'The Suburbans' 
(Jennifer Love Hewitt, Will Ferrell, Donal Lardner Ward, Tony Guma, Craig Bierko, et al / DVD / R / (1999) 2017 / Mill Creek Entertainment)
Overview: There goes the neighborhood when The Suburbans, the height of cool back in the day, are rediscovered by an overly eager fan turned high-powered music executive (Jennifer Love Hewitt) determined to stage the comeback of her favorite eighties band!
DVD Verdict: Even fans of bad movies will have a tough time with "The Suburbans". Part comedy, part drama and all misfire! In 1981 the band of the title scores its one and only hit, and in 1999 the members are talked into performing at a wedding for a fan in the Navy. A representative for entertainment company EVI later approaches them about making a comeback ... the rest is "history", as they say!
Co-writer/director/co-star Donal Gardner Ward's movie positions the group as one-hit wonders who most people don't really want back, but the group itself is more problematic than intended; if their song had been either good (like the Wonders' "That Thing You Do" from the movie of the same name) or at least a believable 1980s pastiche, their status as one-hit wonders from the Neon Decade would have been plausible.
Unfortunately neither is the case, particularly the latter - as well as being a limp rock track, it sounds way too 1990s to be passable. This proves to have a knock-on effect on the movie; the person who brings them to EVI turns out to have had an obsession with one of the Suburbans since she was seven. The trouble is, she's played by Jennifer Love Hewitt - who looks as if she was barely out of Pampers in the early '80s (and she was, since she was born in 1979). Anyway, she plays Cate, a record company executive who comes up with the idea to revive the one hit wonder pop group from the '80s.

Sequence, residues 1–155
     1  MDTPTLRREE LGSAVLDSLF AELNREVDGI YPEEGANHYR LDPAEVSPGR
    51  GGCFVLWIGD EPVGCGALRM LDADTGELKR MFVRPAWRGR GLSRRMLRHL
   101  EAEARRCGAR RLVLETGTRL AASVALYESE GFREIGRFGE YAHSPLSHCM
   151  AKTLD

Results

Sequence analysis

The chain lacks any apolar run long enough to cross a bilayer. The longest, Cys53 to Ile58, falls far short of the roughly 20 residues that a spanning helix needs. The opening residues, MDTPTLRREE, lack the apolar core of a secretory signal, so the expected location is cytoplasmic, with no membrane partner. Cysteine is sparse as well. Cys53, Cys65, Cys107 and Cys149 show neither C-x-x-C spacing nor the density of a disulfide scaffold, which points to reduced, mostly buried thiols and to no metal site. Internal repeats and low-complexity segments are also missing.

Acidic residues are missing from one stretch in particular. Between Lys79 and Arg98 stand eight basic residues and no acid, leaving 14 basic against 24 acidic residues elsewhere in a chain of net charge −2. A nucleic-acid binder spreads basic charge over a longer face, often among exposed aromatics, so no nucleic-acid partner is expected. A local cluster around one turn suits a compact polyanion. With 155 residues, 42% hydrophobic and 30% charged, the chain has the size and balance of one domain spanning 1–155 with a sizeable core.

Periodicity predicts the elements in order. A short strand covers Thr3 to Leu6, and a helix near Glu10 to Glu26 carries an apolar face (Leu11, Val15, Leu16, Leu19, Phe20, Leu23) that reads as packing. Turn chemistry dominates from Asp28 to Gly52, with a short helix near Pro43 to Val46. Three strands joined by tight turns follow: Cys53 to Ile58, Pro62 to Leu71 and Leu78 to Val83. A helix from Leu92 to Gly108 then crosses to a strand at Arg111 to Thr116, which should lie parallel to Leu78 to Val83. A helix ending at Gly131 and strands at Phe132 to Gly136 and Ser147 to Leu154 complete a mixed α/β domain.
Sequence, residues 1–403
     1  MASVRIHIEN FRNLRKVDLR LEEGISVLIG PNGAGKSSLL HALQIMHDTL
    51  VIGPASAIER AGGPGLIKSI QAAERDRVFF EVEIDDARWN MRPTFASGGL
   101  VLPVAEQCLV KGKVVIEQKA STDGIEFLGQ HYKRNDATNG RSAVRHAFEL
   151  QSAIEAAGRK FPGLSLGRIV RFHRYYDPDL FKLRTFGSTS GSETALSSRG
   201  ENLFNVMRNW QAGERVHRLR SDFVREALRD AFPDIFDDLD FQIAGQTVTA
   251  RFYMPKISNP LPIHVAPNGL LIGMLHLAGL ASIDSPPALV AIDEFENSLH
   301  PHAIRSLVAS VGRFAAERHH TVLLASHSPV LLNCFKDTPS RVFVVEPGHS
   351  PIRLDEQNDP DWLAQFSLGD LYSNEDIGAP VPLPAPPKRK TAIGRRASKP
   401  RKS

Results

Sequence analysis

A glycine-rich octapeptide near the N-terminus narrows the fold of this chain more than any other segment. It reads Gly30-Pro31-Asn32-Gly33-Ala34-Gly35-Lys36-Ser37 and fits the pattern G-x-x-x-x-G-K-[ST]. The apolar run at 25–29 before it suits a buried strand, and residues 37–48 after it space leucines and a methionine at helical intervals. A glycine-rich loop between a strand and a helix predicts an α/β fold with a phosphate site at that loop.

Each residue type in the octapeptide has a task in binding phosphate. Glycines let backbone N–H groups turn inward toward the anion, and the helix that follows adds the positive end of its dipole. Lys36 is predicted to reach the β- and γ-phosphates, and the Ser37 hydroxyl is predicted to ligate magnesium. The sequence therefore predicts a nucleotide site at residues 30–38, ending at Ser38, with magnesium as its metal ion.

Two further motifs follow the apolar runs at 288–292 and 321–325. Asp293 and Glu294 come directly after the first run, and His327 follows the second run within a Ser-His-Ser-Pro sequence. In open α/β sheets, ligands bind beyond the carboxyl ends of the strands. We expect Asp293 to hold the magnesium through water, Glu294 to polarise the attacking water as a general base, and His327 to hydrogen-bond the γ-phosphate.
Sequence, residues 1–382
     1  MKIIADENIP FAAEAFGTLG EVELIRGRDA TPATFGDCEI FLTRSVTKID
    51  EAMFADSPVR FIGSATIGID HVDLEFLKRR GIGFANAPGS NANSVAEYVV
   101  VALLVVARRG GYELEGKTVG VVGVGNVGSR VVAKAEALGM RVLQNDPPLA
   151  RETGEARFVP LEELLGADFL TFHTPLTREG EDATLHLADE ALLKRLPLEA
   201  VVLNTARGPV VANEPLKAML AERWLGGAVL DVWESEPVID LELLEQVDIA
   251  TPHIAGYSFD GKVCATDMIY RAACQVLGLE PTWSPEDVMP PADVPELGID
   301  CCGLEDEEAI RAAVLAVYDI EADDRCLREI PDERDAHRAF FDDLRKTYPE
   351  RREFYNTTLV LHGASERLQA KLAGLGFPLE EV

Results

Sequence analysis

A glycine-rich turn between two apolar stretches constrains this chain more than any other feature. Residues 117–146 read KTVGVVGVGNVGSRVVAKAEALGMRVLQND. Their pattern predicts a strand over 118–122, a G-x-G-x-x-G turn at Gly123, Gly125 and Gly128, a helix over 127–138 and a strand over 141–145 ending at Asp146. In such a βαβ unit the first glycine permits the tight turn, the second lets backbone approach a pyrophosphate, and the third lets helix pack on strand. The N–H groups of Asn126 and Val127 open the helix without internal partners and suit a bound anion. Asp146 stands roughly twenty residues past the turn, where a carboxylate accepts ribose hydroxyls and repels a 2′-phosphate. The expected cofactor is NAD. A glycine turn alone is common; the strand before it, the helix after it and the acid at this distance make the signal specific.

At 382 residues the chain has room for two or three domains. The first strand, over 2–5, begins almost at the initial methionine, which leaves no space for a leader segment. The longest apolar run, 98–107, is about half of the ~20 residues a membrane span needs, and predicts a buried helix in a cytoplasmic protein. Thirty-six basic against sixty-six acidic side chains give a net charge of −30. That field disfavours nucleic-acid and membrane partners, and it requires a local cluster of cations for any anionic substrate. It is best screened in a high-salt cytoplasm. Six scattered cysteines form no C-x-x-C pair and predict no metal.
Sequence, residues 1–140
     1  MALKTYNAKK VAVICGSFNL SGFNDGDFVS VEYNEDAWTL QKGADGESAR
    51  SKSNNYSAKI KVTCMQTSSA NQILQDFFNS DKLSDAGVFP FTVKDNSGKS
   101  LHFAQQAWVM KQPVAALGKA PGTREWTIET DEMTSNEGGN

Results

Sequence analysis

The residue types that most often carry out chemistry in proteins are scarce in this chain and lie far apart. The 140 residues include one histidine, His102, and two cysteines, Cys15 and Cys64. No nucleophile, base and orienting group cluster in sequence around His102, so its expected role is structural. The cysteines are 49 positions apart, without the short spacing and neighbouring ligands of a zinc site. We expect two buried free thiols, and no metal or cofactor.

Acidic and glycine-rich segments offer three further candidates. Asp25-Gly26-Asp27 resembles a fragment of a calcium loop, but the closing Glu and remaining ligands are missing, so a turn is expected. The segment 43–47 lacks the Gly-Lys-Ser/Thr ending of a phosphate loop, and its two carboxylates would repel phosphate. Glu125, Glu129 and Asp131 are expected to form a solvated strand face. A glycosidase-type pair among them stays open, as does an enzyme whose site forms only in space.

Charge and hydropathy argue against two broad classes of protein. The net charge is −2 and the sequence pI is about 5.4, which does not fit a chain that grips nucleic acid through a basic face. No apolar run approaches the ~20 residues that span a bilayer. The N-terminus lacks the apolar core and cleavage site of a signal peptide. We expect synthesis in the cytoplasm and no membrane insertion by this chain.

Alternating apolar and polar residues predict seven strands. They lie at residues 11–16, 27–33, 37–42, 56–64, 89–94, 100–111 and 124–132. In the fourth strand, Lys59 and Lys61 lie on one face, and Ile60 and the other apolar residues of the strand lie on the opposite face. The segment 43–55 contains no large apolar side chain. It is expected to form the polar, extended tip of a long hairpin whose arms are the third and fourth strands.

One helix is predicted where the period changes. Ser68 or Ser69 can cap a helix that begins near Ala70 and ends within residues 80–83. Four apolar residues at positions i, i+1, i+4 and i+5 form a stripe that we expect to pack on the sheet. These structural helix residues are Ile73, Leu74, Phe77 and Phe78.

The band members are universally uninteresting (although some genuine comedy begins to manifest in the later stages with the guys as the big resurrection mania fails to live up to the hype and a couple of the guys start making the same kind of bad decisions they made the first time around), the music's boring, and it's impossible to see what the point of it all is! Oh, and it also looks like a home movie, for some strange reason.
It's almost never funny, it's never dramatic, and the appearance of A Flock Of Seagulls at the end (which is doubly nice for me, as lead singer Mike Score is a mate of mine in real life) marks the only true taste of/nostalgia for the 1980s in the entire movie!
The appearances of Robert Loggia as the father of the bride, Antonio "Huggy Bear" Fargas as a club owner, Ben Stiller and Jerry Stiller as EVI bosses, J.J. Abrams (creator of "Felicity" and "Alias") as a journalist, and JLH (whose display to Amy Brenneman in the kitchen is, to be honest, the high point of the movie!) liven things up, but not enough to raise the movies interest levels, sorry. Re-Released by Mill Creek Entertainment, this is a Widescreen Presentation (1.85:1) enhanced for 16x9 TVs.
'The Suburbans' Trailer